This article identifies and explains barriers to optimal outcomes of heart failure and the role of the clinical nurse specialist in overcoming these obstacles, improving patient outcomes and quality of life. In recent years, advances in heart failure management have increased survival rates, and as a result, the number of patients requiring services to manage disease progression and the complex array of symptoms associated with end-stage heart disease. Management of the heart failure patient is dependent on the severity of the disease and wide range of available treatment regimens. Disease progression can be unpredictable and treatment regimens increasingly complex. The authors present a typical case of a patient with heart failure, identify the barriers to optimal outcomes in managing heart failure, as well as describe the roles of the clinical nurse specialist in overcoming these barriers within 3 spheres of clinical nurse specialist influence: patient, health care provider, and health care systems. The clinical nurse specialist role is ideally suited to positively affect heart failure outcomes. These positive effects are drawn from the dynamic and unique nature of the clinical nurse specialist role and are perpetrated through the 3 spheres of clinical nurse specialist practice: patient, health care provider, and heath care system.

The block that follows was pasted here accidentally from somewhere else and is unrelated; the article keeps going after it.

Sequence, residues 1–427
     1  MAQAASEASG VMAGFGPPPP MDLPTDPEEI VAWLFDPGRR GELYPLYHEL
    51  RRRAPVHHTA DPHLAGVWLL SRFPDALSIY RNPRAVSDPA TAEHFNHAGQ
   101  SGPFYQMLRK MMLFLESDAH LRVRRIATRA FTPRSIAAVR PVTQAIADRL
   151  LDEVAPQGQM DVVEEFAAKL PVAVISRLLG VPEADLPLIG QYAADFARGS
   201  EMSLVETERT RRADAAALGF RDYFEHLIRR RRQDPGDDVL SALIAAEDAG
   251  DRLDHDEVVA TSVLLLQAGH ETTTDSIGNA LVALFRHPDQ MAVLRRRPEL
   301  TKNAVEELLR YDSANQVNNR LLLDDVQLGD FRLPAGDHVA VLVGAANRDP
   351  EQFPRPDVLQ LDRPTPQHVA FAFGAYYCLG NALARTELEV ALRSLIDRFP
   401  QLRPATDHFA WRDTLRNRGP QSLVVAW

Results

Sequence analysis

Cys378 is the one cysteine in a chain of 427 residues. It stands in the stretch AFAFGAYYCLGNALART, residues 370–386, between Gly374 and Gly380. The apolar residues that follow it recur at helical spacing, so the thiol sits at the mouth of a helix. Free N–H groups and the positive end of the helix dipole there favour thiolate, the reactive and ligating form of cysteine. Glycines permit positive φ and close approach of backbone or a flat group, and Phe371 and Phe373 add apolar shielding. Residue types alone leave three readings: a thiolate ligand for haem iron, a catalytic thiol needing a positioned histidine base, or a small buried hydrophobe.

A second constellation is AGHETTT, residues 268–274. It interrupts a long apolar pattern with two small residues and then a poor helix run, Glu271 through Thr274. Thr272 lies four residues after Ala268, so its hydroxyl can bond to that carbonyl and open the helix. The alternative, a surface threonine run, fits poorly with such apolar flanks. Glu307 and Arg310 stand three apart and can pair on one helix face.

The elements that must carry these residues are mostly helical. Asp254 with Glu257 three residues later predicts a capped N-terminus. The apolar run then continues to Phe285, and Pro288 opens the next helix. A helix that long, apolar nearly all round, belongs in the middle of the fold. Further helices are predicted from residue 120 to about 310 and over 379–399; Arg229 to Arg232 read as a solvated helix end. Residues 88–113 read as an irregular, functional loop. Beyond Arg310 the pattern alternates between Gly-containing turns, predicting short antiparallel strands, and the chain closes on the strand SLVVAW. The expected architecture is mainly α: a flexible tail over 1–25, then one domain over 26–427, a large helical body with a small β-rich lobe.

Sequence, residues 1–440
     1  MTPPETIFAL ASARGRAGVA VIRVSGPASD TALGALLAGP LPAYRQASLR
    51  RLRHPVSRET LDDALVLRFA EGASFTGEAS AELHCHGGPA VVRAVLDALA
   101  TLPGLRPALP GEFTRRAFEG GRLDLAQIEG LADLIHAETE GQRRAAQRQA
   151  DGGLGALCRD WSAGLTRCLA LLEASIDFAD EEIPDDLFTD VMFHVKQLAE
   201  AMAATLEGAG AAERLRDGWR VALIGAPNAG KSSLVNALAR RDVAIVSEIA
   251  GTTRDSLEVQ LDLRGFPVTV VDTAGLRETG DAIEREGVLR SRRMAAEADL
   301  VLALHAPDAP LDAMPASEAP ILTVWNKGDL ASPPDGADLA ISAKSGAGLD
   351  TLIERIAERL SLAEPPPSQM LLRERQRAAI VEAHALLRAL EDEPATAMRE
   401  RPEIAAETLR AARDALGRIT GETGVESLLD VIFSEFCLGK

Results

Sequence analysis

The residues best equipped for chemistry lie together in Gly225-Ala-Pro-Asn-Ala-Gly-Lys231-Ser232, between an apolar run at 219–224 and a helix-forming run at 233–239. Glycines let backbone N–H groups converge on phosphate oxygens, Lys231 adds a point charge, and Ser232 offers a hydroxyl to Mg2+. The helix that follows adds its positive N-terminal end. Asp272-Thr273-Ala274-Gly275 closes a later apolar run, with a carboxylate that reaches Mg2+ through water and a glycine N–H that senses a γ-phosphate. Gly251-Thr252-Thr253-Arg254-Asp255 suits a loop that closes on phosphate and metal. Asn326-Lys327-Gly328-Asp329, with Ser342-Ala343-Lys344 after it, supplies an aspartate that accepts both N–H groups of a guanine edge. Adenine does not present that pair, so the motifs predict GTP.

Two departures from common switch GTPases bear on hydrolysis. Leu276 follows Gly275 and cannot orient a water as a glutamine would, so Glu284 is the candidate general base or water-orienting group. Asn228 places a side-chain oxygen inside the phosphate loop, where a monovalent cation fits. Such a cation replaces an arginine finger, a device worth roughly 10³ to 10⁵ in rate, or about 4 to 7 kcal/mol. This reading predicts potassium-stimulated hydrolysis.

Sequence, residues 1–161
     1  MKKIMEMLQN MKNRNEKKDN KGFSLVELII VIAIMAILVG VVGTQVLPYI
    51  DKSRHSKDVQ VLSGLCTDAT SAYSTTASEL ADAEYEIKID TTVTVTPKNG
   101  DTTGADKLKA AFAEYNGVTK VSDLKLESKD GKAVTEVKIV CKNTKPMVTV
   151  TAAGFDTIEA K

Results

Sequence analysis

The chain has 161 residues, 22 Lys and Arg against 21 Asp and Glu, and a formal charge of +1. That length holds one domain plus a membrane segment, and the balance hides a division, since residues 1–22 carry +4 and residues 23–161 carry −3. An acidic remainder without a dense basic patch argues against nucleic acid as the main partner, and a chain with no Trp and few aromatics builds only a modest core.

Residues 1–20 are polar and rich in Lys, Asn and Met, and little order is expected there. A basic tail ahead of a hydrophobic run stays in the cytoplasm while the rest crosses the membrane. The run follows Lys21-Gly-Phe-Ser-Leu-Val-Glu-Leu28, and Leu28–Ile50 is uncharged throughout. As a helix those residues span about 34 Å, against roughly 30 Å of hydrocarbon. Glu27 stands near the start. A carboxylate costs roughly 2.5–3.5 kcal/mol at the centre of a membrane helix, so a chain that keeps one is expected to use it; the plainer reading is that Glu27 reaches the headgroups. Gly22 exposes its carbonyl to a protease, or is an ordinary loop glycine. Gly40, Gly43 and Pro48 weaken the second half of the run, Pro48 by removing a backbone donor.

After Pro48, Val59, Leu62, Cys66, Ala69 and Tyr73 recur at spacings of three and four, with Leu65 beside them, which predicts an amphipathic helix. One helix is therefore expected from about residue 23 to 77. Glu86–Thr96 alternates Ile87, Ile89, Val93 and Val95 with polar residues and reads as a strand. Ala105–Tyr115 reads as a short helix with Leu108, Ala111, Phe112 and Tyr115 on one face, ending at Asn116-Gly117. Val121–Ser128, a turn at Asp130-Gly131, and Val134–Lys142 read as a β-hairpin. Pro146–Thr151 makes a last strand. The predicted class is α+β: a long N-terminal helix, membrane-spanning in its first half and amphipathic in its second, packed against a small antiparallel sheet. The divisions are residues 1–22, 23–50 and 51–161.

Clinical Nurse Specialist Program, University of Pittsburgh School of Nursing, Baccalaureate Nursing Program, University of Pittsburgh, and Cardiac Intensive Care Unit, Allegheny General Hospital, Pittsburgh, Pennsylvania (Mrs Coen); and Cardiovascular Institute Allegheny Health Network, Allegheny General Hospital, and Clinical Nurse Specialist Program, University of Pittsburgh, Pittsburgh, Pennsylvania (Mrs Curry).
Correspondence: Jennifer Coen, BSN, RN, 102 Hartle Rd Glenshaw PA 15116 (firstname.lastname@example.org).
The authors have disclosed that they have no significant relationships with, or financial interest in, any commercial companies pertaining to this article.